How Can Businesses Prepare for an IRS Review of ERTC Claims?
An upswing in false ERTC claims has led the IRS to begin auditing certain business owners who claimed this credit. If you filed for the ERTC, you should be prepared for an audit on the off chance the IRS flags your claim. Here’s what businesses can do to prepare for a potential IRS review of their ERTC claims.
Keep Organized Records
Recent ERTC scams have convinced some business owners that they qualify for the ERTC when they really do not. In September, the IRS announced “an immediate moratorium through at least the end of the year on processing new claims for the pandemic-era relief program” as a result of increased fraud concerns.
The ERTC has a few strict eligibility guidelines, such as:
- Your business’s operations were fully or partially suspended due to government orders in 2020 or 2021
- You experienced a significant decline in gross receipts
Additionally, the wages you can claim vary depending on whether your business is considered a “small” or “large” business under ERTC guidelines.
If the IRS were to audit your business or review your ERTC claim, you would need detailed records showing that you meet all the eligibility requirements. You would also need to show that the credits you claimed accurately reflect your employee wages.
Organizing your records now can help you prepare for a potential audit. The two primary sets of documents you should organize include:
- Your calculation of gross receipts for every quarter between Q1 2019 and Q3 2021
- Documents showing the number of eligible employees in your business and their qualified wages
Understand How the IRS Will Contact You
Scammers like to impersonate the IRS and scare taxpayers into paying fees they don’t actually owe. Because of this, business owners should also prepare for a potential IRS review of their ERTC claims by understanding how the IRS would notify them of a review.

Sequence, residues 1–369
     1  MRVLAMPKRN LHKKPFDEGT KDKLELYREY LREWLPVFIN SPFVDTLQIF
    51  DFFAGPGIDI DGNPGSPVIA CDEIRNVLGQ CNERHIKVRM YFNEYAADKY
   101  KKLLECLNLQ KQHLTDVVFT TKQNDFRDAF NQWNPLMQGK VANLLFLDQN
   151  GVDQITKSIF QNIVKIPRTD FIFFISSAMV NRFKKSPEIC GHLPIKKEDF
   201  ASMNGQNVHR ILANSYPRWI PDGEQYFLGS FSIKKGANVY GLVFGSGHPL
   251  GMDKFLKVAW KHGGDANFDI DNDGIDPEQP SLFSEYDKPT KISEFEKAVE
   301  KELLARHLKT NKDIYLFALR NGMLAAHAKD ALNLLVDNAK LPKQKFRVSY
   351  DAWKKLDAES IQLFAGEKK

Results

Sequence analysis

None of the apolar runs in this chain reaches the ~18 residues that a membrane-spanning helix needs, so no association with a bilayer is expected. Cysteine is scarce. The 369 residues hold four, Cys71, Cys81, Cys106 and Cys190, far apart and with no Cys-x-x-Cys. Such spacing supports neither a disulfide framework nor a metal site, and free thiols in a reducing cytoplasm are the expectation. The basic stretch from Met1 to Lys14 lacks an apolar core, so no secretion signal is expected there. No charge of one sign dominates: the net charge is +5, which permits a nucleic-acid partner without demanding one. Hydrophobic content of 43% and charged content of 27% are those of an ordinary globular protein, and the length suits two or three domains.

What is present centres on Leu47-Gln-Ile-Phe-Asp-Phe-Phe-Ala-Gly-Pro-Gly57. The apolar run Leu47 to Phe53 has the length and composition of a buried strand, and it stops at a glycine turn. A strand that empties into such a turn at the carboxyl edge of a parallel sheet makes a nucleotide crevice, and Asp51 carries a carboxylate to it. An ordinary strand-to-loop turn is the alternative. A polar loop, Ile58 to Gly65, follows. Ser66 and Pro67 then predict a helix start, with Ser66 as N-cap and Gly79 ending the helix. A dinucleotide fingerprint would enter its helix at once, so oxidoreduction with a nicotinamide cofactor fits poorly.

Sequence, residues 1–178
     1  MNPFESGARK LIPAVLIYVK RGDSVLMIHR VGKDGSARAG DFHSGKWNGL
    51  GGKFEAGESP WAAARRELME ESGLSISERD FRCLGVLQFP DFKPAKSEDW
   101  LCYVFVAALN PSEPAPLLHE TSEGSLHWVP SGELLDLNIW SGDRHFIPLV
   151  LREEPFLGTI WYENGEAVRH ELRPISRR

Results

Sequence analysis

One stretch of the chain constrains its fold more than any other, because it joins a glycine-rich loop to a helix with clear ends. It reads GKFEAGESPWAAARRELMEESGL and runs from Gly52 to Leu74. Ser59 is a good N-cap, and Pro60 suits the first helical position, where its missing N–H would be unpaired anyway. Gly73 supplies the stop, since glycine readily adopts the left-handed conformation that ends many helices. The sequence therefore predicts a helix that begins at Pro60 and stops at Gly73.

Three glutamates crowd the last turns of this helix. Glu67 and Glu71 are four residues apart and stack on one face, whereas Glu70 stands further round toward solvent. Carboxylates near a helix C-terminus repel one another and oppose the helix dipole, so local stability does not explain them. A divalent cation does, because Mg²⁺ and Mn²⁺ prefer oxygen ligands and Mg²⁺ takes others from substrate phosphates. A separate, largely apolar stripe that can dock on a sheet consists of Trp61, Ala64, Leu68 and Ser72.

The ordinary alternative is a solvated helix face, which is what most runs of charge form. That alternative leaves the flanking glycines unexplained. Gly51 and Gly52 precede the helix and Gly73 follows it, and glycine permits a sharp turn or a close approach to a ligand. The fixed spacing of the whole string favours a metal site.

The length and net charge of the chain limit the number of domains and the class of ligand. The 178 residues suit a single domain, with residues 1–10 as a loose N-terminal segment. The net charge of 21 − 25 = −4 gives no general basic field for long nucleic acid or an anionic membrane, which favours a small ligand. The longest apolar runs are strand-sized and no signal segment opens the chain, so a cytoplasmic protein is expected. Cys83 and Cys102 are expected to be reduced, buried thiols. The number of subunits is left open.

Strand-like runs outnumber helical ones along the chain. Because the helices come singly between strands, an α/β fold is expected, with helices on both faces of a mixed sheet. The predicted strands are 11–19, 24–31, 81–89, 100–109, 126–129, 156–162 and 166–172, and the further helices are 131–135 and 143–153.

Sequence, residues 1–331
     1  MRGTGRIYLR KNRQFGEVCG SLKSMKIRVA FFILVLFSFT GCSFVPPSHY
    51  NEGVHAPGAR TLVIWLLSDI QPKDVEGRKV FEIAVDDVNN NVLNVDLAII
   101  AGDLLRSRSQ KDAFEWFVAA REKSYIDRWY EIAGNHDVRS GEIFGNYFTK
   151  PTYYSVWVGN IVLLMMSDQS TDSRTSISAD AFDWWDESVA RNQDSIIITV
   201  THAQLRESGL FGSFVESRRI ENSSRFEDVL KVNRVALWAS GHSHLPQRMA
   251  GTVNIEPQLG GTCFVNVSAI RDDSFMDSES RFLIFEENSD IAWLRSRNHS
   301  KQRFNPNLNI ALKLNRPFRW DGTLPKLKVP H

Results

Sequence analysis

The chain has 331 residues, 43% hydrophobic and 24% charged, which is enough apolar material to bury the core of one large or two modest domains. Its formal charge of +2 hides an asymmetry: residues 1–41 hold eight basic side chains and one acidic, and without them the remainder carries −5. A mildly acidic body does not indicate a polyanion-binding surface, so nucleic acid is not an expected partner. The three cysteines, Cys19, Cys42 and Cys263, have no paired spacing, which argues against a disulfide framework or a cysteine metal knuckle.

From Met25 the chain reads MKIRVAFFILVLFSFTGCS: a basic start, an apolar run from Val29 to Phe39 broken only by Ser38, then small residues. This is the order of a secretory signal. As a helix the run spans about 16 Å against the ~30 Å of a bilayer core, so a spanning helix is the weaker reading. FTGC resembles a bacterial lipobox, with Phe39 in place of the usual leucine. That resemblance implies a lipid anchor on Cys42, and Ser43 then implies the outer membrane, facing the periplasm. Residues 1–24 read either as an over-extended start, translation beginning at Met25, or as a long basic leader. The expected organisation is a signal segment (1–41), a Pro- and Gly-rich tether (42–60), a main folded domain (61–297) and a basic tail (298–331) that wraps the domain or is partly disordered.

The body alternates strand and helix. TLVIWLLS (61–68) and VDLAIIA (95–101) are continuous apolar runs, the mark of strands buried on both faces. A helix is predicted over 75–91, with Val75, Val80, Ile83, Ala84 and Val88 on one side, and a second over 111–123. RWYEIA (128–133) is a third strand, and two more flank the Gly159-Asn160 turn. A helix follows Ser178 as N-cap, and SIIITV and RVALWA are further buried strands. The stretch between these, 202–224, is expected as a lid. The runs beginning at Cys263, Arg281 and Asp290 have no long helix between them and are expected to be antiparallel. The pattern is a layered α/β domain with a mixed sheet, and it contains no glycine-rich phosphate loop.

The IRS will never contact you by phone or show up at your door. Instead, its first communication would be an Information Document Request (IDR) that the agency sends to you through the mail. The IRS would ask you to provide further information or send specific documents to support the information you gave on your tax returns.
If the IRS ever contacts you by phone, you should assume it is a scam. Hang up, and then call the IRS’s direct phone number to verify the request. You may also want to seek legal counsel to review any communications the IRS sends you and better understand how to proceed.
Work With ERTC Tax Experts
Filing an ERTC claim without any professional assistance is risky. You may miscalculate your credits or misunderstand which employee wages are eligible. While these are honest mistakes, they open the door to tax penalties and future suspicions from the IRS.
Instead, working with a tax attorney throughout your entire filing process can help you better prepare for a potential audit. Your tax attorney can review your employment records and accurately calculate your tax credits. They can also organize your documentation and ensure easy access to any additional information the IRS may request.
Even if you claim the Employee Retention Tax Credit correctly, the IRS may still randomly choose your business for an audit. Having an experienced tax attorney on your side means you can stress less about an IRS review.
Dayes Law Firm: Your ERTC Tax Attorneys
At Dayes Law Firm, we’re committed to helping small businesses maximize their tax credits through the ERTC and other programs, like Paycheck Protection Program (PPP) loan forgiveness. We help businesses prepare for a potential IRS review of their ERTC claims by checking the accuracy of their calculations and representing them in all IRS communications.
For committed ERTC help, contact Dayes Law Firm today at 866-875-1005 or fill out our online form.